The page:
With the help of VR, Japanese startup company Cluster is looking to take the travel out of industry conferences and other events. This week, it’s got the funding that might help it actually do that.
The group has raised some ¥50 million (which works out to around $460,000) to continue work on its VR event and environment platform of the same name that’s already been used to stream shows such as Unity’s Unite 2016 Tokyo VR Keynote. Investors are said to include Skyland Ventures, East Ventures and other angel investors, the former of which had already provided funding for Cluster back in January, when it was known as Fictbox.
In essence, Cluster reminds us of other VR communication platforms such as AltSpaceVR, only skewed far more towards conferences rather than social calls and other occasions. Users take control of robot-like avatars, with a profile picture appearing on a screen on their heads. Over a thousand of these avatars can then populate a virtual conference room to watch an address, perhaps delivered by another user or shown up on a giant screen. Its creators also claim it’s possible to host smaller, private meetings as well.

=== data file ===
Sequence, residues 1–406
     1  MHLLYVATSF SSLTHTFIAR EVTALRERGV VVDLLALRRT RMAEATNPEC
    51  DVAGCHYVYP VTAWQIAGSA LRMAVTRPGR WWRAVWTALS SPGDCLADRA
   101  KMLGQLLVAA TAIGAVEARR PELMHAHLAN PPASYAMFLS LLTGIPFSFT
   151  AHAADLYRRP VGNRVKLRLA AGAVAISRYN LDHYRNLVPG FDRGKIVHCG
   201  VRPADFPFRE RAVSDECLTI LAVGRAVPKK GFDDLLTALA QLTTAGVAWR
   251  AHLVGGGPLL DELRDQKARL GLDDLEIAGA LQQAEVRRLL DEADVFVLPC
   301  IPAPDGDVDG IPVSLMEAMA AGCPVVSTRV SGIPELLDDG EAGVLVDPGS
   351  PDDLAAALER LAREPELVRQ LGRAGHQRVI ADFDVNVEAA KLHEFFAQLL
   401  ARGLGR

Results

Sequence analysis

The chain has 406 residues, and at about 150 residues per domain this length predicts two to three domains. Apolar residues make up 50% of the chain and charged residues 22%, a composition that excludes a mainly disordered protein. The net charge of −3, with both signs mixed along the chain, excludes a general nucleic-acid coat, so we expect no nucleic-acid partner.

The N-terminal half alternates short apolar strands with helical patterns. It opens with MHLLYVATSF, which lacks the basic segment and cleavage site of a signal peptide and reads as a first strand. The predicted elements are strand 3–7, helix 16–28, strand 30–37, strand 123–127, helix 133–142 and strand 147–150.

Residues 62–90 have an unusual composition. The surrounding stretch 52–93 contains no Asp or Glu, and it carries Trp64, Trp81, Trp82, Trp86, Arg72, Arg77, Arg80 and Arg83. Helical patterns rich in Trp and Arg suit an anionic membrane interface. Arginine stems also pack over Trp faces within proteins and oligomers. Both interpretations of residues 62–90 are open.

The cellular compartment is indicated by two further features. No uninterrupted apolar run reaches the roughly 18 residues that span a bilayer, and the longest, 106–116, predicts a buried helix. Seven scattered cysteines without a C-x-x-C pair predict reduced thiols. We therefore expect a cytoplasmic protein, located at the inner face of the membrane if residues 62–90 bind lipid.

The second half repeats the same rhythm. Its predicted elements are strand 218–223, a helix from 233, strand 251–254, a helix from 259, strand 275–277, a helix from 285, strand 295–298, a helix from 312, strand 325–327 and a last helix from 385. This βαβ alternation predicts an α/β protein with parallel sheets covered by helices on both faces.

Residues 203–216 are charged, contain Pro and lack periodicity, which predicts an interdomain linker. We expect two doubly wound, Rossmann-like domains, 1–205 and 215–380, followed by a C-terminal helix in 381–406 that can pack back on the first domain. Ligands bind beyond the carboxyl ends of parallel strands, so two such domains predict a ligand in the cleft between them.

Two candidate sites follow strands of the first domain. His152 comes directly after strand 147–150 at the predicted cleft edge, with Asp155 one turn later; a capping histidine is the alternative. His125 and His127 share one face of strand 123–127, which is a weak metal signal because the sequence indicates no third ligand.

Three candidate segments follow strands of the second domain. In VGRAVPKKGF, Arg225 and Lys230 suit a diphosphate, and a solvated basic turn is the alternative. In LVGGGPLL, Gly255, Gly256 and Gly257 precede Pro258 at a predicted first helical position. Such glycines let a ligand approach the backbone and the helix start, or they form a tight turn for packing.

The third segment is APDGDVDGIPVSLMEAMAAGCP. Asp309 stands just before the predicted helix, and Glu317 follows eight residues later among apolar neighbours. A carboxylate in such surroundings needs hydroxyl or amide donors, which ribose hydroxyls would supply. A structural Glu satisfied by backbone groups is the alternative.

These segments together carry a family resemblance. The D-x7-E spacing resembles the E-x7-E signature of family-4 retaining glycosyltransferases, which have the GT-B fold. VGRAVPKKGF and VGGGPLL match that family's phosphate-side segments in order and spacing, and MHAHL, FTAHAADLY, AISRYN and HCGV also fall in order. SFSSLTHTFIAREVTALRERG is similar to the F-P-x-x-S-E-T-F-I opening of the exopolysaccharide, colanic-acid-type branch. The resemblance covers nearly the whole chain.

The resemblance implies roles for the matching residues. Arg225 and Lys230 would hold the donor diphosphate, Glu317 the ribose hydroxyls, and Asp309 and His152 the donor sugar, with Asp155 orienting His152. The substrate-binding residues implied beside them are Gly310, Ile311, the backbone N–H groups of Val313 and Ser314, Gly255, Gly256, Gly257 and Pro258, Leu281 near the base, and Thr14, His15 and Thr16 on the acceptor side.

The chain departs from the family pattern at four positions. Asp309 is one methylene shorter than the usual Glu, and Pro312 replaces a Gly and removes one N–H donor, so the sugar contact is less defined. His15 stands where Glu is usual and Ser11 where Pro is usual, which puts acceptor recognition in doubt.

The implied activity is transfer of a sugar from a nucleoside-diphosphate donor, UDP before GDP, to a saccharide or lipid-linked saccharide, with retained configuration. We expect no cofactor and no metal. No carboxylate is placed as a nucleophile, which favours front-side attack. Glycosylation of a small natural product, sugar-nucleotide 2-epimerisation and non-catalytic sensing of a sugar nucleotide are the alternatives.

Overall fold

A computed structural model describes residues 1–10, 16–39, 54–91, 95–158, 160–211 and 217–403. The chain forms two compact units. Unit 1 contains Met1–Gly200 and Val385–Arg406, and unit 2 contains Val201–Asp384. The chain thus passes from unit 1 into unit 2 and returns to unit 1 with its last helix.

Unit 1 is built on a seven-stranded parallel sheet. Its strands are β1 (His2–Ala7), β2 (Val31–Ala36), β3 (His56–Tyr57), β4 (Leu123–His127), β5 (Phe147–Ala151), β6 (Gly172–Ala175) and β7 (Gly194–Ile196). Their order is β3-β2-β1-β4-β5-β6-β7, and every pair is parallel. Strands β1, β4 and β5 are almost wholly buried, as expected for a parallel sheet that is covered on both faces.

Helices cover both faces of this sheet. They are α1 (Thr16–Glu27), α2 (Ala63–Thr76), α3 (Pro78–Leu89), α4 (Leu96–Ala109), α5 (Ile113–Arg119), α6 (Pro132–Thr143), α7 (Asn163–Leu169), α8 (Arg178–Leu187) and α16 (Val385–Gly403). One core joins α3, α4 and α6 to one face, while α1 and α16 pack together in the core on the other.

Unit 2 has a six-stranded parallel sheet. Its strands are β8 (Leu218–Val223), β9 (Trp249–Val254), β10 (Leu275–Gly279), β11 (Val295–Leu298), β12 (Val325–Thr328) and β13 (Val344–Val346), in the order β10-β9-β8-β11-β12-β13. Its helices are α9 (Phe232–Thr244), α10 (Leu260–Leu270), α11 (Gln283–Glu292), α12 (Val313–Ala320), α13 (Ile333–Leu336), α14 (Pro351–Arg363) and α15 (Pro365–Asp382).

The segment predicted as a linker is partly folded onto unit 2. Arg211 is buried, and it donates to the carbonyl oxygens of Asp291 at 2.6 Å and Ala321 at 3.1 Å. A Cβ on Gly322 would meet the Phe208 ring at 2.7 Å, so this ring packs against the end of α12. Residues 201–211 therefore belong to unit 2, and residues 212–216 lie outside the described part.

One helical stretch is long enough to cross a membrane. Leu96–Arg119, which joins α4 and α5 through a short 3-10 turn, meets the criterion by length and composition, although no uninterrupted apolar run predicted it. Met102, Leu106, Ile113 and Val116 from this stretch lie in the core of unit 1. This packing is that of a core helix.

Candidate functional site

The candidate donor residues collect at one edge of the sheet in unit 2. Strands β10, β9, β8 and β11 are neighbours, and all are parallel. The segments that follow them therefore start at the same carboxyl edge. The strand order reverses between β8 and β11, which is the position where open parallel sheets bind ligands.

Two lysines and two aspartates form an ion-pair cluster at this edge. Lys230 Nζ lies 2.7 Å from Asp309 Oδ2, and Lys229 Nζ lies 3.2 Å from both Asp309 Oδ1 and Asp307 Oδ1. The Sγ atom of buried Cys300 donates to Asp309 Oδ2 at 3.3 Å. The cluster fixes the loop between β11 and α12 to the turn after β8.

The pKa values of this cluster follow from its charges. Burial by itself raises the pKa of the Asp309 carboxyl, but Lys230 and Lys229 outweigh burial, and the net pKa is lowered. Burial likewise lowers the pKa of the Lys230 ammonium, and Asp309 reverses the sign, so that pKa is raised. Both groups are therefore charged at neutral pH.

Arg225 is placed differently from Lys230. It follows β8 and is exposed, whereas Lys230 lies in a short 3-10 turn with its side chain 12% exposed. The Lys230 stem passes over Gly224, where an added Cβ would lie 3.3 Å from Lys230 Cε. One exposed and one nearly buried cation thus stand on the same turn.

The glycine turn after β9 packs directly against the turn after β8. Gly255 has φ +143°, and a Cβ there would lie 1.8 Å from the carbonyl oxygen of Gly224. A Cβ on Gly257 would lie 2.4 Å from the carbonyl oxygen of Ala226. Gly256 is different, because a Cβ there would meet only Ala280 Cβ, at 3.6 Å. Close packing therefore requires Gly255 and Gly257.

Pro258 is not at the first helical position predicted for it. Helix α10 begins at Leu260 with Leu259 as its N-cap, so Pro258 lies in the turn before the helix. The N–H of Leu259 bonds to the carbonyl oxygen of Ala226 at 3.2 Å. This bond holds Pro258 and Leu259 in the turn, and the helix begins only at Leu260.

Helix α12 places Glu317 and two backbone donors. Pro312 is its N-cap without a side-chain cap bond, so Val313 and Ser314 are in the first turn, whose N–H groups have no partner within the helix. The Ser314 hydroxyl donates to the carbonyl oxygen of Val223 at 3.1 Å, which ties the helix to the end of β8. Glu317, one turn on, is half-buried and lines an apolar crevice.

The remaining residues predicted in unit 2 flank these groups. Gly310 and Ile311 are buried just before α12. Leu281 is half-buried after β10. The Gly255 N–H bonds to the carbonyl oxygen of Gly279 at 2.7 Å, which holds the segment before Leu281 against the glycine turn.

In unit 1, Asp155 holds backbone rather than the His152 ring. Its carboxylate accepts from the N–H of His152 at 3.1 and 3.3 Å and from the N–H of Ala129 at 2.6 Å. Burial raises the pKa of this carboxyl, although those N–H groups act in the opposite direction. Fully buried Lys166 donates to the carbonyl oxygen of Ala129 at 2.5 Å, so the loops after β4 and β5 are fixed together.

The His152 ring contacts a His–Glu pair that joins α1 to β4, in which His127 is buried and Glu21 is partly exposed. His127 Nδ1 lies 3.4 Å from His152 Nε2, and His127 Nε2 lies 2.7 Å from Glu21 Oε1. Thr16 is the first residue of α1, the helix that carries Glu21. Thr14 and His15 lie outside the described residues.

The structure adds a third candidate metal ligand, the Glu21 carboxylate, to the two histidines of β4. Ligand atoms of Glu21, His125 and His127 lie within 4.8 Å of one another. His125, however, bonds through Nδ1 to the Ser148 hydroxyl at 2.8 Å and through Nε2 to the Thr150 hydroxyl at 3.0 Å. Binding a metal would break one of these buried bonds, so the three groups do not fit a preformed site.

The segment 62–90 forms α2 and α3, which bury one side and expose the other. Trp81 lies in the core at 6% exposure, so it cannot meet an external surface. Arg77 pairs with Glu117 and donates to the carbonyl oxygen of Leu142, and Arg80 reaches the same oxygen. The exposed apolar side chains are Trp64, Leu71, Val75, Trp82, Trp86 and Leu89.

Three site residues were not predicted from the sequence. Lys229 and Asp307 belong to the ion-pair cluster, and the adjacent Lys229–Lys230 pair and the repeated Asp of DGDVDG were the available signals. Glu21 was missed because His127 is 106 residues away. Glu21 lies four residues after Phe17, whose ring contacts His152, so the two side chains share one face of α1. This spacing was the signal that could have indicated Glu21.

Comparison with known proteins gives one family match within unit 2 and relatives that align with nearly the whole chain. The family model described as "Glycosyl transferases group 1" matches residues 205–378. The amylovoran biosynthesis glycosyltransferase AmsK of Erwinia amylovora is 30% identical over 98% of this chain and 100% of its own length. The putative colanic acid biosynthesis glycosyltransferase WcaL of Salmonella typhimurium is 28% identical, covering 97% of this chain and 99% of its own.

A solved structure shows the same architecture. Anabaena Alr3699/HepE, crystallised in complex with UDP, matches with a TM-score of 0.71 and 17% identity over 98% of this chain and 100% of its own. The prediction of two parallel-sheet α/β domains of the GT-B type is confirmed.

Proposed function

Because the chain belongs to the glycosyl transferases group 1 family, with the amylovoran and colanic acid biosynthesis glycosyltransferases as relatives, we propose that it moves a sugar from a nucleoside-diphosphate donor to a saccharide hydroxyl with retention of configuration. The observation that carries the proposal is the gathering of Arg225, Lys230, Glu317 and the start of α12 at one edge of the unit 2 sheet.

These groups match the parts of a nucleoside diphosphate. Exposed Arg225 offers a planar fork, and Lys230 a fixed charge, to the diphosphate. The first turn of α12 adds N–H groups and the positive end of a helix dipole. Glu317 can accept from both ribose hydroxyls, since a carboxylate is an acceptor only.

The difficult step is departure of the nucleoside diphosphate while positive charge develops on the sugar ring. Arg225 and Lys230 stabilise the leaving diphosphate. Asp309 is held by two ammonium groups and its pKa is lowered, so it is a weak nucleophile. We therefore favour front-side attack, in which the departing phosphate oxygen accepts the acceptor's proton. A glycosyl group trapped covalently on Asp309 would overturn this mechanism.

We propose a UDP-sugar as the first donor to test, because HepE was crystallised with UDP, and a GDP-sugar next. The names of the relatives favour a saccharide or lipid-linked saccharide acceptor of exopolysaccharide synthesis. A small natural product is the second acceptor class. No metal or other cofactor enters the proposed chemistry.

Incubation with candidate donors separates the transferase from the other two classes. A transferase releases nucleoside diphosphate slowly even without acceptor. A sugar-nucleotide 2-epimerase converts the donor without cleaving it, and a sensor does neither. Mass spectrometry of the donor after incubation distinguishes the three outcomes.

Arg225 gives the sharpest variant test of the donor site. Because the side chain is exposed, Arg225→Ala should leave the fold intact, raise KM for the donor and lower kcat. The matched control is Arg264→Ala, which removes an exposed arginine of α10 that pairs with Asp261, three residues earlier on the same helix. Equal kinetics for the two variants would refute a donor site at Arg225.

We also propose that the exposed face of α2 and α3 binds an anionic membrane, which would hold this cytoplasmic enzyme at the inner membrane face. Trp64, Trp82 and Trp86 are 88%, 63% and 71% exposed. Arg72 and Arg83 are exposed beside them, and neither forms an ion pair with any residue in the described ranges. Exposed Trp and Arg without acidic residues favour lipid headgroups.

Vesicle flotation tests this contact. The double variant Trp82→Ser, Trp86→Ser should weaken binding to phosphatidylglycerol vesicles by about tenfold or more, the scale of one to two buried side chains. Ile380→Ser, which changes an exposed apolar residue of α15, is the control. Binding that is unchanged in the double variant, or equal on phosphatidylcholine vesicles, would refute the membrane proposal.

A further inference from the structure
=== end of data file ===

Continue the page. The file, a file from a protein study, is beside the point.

Crucially, you can sample Cluster for yourself right now. A free download for Windows is available via an official site with support for the Oculus Rift, and it even confirms that a Gear VR version is on the way along with Android and iOS support, both of which would presumably support Google Cardboard. HTC Vive support is yet to be confirmed. A Mac OS version is also available, although this doesn’t support the Rift for obvious reasons.
Accounts can be created through Twitter, and you’ll able to bring your personal feed into conferences with you. Judging by the trailer above it’s also possible to move around conference halls as talks are given and even express yourself with applause throughout. UploadVR itself got started as a meetup, so we’re happy to see any new tech that makes them easier to attend.
Cluster hasn’t got a public roadmap laid out ahead of it right now, though it seems like there’s plenty of room for expansion, and it’s now got the funding to help. Could this prove to be VR’s big communication platform?